Becky Quick: We know Warren that you've already put a plan out where you are, in fact, a bond insurer yourself. You have a new company that's doing that. But beyond that, Ambac, FGIC and MBIA, they all have some significant problems. What do you think needs to be done?
Warren Buffett: Well, last Wednesday, as you know we have formed a new bond insurer. And last Wednesday, Berkshire Hathaway made a firm offer to the three largest bond insurers, who in aggregate I think, insure about 800 billion (dollars) of tax exempt bonds.
And what we said we would do is, and we gave a copy of this, of course, to the Superintendent of Insurance of New York. We said we would form, we would add to our company's resources five billion dollars. That five billion dollars in the new insurance company, we would pledge that there would be no dividends or any kind of distributions or management fees taken out of that for ten years, so all the earnings of that company would be retained to build up the claims-paying ability.
And we offered to take over the liabilities for the whole $800 billion of these three companies for a premium that would be equal to, essentially, one-and-a-half times the remaining premium left over the life of the bonds. They have what they call an 'unearned premium reserve' which reflects the original premium less the amount that's been proportionately earned. And we said, for one-and-a-half times that amount, we would take away all of their liabilities so that the $800 billion in bonds would carry a real triple-A insurance, and would sell in the market as if it had real triple-A insurance. Whereas now the bonds sell at significant discounts.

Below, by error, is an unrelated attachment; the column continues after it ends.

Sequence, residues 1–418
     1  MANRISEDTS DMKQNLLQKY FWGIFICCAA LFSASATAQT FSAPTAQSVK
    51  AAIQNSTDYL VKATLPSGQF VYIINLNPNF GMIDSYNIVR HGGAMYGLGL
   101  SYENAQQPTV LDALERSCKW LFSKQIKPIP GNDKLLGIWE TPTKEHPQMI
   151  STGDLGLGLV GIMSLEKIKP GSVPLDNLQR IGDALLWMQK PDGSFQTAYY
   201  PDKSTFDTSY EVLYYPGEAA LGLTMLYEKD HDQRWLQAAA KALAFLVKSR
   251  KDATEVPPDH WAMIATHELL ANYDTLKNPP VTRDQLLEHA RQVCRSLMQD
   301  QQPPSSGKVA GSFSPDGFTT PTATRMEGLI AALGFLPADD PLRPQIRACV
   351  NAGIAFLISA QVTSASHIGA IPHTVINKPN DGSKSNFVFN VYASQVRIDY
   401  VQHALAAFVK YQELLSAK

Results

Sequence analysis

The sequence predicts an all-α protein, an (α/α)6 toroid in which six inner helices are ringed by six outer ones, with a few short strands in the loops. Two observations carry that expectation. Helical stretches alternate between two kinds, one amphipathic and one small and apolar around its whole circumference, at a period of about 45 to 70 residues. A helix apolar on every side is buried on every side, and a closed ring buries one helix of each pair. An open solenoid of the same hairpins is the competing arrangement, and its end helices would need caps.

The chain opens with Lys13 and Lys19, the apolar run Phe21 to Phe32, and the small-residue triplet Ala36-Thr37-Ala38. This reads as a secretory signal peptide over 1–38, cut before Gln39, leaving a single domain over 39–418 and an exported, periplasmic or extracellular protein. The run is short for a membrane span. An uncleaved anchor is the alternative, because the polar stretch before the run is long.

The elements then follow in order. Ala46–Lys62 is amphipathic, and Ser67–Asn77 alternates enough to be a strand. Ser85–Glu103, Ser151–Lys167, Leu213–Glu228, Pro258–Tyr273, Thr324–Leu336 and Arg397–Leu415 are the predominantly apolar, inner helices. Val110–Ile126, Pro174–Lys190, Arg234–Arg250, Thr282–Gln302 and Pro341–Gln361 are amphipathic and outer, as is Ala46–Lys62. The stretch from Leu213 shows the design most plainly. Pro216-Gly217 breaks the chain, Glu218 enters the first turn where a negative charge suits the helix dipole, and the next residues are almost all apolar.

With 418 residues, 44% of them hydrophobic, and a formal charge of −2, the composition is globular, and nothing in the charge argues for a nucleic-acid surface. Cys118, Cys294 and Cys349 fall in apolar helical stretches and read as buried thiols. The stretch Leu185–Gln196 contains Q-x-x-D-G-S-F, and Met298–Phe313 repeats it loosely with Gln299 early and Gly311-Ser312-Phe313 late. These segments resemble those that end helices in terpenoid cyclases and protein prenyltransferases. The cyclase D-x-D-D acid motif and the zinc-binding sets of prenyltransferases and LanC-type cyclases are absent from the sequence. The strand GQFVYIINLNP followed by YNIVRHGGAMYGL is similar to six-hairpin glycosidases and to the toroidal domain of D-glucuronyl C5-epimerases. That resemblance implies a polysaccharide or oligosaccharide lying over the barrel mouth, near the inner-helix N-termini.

And we provided additionally that if they felt that this premium was too high or that they could do better that for thirty days, they would have the backstop of our offer which would be totally firm, and if they came up with anything better for themselves and for the holders of their insured bonds, that for a break-up fee of one-and-a-half percent of the premium, that they could go and take the other deal. So that the world would know that, one way or the other, that that the municipal bond insurance problem was behind it. It would be either with our offer or some other offer that they went out and obtained.
So, we put that out there to the three largest insurers and if they should decide to take it, eight-hundred billion of bonds that are now selling as if they were uninsured, or even in some cases a little worse. They're probably selling on balance maybe 5 percent below where would sell for if the insurance was regarded as good, which is 40 billion on 800 billion. We will see what happens.